It has been almost a year since I first covered Fevertree Drinks (LON: FEVR) on the site. By now I’m sure most readers will have heard of the company but for those who haven’t then its primary business is in the manufacture of premium mixers, specifically tonic water. Now, for years this was an extremely boring area of the market that was totally dominated by Schweppes; a company with deep, deep roots in the UK. I mean it had already been distributing drinks here for over a hundred years before it floated on the stock market back in the late 1800s. Britvic – another inconic British company with bags of history under its belt – also had a share of the mixers market well before Fevertree came along.
All-in-all the picture painted above doesn’t exactly show an industry that’s ripe for disruption. That said Fevertree continues to be something of a revelation. I don’t want to spend too much going over points covered in last summer’s piece so I’ll try to be brief here. The three great aspects of the Fevertree story so far are its growth, earnings quality and shareholder returns. The first and third points pretty much speak for themselves: the company has tripled annual profits over the last couple of years and has delivered total shareholders returns of over 120% per annum since floating back in 2014. Those are phenomenal numbers for a beverage company.
As for the second point regarding the company’s earnings quality there’s also a lot to like about Fevertree’s performance to date. The big one for me is the underlying cash flow. Due to the fact it outsources production and distribution of its drinks the company is consistently pumping out heaps of surplus cash (the ratio of capital expenditures to cash generated by operations is currently a minuscule 3%). Furthermore its premium prices attract very attractive net profit margins that are currently running in the 25% area. Last time I checked my local supermarket was selling 8-packs of 150ml Fevertree tonic water for around £4.00 – around 50% higher than the price of Schweppes.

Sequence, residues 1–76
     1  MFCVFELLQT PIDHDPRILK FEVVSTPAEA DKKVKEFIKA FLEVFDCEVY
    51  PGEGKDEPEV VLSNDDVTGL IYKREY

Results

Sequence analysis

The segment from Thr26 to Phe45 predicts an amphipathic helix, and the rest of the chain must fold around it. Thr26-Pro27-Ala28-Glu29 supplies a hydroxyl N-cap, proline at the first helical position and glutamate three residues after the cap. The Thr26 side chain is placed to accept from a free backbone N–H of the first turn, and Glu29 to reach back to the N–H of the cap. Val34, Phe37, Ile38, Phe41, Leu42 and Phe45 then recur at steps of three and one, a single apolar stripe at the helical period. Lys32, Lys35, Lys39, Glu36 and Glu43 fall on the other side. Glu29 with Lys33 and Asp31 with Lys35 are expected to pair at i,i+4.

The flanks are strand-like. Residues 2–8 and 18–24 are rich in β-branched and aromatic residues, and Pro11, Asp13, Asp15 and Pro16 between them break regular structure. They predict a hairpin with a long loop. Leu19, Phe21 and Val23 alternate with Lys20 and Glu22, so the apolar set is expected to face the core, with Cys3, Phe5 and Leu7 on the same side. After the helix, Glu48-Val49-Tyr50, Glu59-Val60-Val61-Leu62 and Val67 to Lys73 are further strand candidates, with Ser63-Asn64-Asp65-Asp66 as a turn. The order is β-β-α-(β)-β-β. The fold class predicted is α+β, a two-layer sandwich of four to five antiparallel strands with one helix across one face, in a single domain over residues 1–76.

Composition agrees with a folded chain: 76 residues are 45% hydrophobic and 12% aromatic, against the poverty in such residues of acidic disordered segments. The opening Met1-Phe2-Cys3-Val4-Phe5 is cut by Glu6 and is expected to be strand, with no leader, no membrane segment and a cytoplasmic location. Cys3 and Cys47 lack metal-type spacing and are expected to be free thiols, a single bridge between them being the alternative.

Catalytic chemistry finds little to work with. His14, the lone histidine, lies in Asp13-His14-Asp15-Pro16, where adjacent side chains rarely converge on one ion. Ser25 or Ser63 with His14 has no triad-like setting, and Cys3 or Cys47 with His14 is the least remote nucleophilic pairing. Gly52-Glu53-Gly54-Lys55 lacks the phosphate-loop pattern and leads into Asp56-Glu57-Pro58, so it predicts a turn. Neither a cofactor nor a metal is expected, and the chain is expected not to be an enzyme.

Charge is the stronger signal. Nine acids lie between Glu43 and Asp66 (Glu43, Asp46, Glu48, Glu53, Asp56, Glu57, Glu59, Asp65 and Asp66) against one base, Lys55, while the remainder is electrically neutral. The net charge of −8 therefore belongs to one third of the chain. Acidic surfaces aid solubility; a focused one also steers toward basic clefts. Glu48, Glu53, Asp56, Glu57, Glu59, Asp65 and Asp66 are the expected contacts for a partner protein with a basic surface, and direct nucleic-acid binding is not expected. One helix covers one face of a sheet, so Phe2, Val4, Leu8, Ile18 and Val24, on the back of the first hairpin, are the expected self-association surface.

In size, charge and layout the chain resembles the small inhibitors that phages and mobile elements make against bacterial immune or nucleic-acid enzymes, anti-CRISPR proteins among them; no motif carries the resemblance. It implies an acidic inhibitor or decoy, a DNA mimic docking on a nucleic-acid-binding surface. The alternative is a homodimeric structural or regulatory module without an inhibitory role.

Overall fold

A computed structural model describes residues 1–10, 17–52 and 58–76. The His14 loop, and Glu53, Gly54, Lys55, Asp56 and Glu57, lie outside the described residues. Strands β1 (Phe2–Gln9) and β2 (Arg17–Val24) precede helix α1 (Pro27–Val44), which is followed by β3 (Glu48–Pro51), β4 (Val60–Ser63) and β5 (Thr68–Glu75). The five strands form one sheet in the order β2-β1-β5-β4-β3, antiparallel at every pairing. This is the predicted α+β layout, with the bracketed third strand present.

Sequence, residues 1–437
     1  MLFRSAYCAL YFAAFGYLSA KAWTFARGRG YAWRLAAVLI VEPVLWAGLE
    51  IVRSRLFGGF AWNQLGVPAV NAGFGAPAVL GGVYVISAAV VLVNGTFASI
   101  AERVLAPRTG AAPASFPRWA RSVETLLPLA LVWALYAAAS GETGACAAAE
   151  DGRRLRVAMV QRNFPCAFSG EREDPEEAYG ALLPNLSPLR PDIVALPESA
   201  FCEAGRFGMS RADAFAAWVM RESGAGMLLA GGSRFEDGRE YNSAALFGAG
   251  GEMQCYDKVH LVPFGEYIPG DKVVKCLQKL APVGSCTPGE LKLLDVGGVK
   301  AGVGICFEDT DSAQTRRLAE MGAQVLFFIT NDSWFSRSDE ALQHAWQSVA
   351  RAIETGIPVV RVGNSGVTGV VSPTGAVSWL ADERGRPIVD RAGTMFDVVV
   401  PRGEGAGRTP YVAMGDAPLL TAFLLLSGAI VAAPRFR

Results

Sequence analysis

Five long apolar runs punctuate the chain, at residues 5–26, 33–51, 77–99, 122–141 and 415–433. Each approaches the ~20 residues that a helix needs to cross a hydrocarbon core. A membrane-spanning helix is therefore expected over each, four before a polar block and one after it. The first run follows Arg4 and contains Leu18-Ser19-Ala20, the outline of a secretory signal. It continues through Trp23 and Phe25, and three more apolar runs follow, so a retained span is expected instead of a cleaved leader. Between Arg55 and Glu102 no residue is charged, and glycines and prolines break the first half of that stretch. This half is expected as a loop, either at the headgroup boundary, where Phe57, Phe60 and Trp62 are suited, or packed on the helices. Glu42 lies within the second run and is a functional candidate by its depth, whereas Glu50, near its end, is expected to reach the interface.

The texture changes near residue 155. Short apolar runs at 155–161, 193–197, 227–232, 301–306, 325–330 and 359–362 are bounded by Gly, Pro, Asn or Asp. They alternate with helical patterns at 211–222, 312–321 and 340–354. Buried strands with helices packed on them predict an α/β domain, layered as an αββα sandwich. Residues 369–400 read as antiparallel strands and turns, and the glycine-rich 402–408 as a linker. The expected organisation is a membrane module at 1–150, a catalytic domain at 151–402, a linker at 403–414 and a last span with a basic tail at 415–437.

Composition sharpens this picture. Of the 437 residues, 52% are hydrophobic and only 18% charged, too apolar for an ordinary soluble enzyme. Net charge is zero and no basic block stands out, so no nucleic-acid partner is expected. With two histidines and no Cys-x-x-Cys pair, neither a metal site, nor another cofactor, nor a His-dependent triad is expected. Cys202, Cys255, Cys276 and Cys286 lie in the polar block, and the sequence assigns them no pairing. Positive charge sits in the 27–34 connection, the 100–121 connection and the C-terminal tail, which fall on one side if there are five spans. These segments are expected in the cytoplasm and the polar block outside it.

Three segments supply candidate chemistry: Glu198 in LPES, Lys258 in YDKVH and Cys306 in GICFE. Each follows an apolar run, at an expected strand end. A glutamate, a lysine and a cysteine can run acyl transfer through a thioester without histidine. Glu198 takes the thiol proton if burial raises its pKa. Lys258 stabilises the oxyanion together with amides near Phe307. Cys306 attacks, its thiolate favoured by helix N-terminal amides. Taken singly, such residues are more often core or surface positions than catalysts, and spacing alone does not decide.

The Growth Trap Deepens
I finished last summer’s article with this comment regarding the stock’s valuation:
Granted, a range of different outcomes could occur from here on out (Fevertree could get bought out by a Coca-Cola type and render this whole exercise meaningless) and it has the makings of a great company, but nonetheless Fevertree stock is probably not such a great buy right now.
Since then it has delivered shareholder returns of around 70% (excluding dividends). That is as a good an indicator as any that short-term share price prediction making is a pointless endeavour.
However the growth trap issue I talked about hasn’t gone away. Last year Fevertree made a net profit of 39.2 pence per share. At the time of the article its share price was around £17, giving us a then P/E ratio of around 45x earnings. Right now Fevertree shares are changing hands for around £29.30 apiece (70% higher than last summer). Will profits for fiscal year 2018 be 70% higher than they were in 2017? Probably not. In other words the expanding valuation attached to the shares has continued to boost the returns of current shareholders.
The big question remains: What happens if, or rather when, that relationship goes into reverse? If by the end of fiscal year 2022 Fevertree stock has contracted to a P/E ratio of, let’s say, 20x earnings then how much would profits need to grow in order to justify today’s share price? Well, a P/E ratio of 20 implies annual profits of £1.50 per share at today’s share price. In order to achieve that Fevertree would need to grow earnings by an average of 30% per annum between now and then.
What if prospective investors, or indeed current shareholders, want to see double digit annual returns? After all most folks wouldn’t be happy to tread water and lose out to inflation after five years. Well, if my sums are correct then generating 10% per annum over the next five years implies a future share price of £47.50. Attach a P/E ratio of 20 to that and you get required earnings per share of just under £2.40. In terms of earnings growth that means Fevertree would need to post an average annual figure of nearly 45% out to the end of fiscal year 2022. I know I’ve ignored the contribution of the future dividend stream here, though even factoring it in still results in a fairly big ask once you run the numbers.
There’s undoubtedly a lot to like about Fevertree’s business (high quality consumer stocks aren’t ten a penny on the London Stock Exchange), and yes the shares could go even higher in the short term. In the long-run though it still has to satisfy extremely high growth expectations, and that’s something investors should try to bear in mind.